Bafna this week explained in an interview with PCR Insider that the first challenge of designing PCR primer sets for PAMP is that the technique requires enough primer pairs to detect alterations within a very large range of base pairs — as many as 500,000. Furthermore, the forward/reverse primer pairs must be able to completely cover the region of interest.

"You have to choose these primers out of all possible primers, and in this region you might find 5,000 good primers," Bafna said. "If you put them individually in the reaction they would have the right properties and help amplify."

It would be near impossible to test all 5,000 primers, however, so the researchers must narrow their choices down to something more manageable, around 500 primers optimized for the method.

"The primers must be equally spaced," Bafna said. "They must tile the region in such a way that no matter where the deletion happens, there is a pair of primers no more than 2,000 base pairs apart. That's the part that we really want. Suppose you had a deletion, and there was no primer nearby. Then you miss that deletion and miss the diagnosis. A false positive is not so bad … but false negatives are really bad."

Complicating matters is the fact that primers must be selected in such a way as to avoid the formation of primer-dimers, just one of which has the potential to destroy all other signals in a multiplexed reaction.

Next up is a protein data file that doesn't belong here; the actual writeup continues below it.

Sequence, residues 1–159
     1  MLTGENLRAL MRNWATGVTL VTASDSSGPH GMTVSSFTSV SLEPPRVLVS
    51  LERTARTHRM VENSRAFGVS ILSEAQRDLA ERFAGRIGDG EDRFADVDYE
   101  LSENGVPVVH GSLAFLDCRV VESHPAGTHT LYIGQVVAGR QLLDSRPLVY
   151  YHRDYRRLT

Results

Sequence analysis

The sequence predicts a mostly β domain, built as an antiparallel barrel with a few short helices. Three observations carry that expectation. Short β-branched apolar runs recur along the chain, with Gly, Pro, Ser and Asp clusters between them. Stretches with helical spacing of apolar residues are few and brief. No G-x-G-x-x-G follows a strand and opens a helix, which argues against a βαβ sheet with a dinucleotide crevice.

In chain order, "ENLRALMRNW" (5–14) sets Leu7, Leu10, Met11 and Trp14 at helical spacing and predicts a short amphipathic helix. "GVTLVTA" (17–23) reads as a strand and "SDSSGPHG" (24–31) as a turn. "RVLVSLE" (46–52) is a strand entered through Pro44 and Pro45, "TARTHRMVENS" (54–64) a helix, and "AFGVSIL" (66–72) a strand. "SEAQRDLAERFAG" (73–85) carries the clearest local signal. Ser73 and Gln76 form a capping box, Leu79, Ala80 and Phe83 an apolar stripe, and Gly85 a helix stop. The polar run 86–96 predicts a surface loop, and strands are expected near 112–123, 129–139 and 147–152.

"We take every pair of primers and computationally test if they can stick to each other," Bafna said. "And then, from the 5,000 primers, we select the 500 such that no pair will stick to each other and they tile the region properly."

But again, "because there is no way to test all possible subsets … that's where our computation comes in," Bafna said. The approach "takes all these constraints where the primers must be equally spaced, must not stick to each other, and then it tries to find the best 500 primers that satisfy all these constraints."

Bafna and UCSD researchers Ali Bashir, along with Liu, Carson, and other contributors, described their computational method in a paper published in 2007 in Bioinformatics. In that paper, they detailed how they described the necessary primer constraints as a combinatorial optimization problem, and designed algorithms for PAMP primer design based on simulated annealing and integer programming.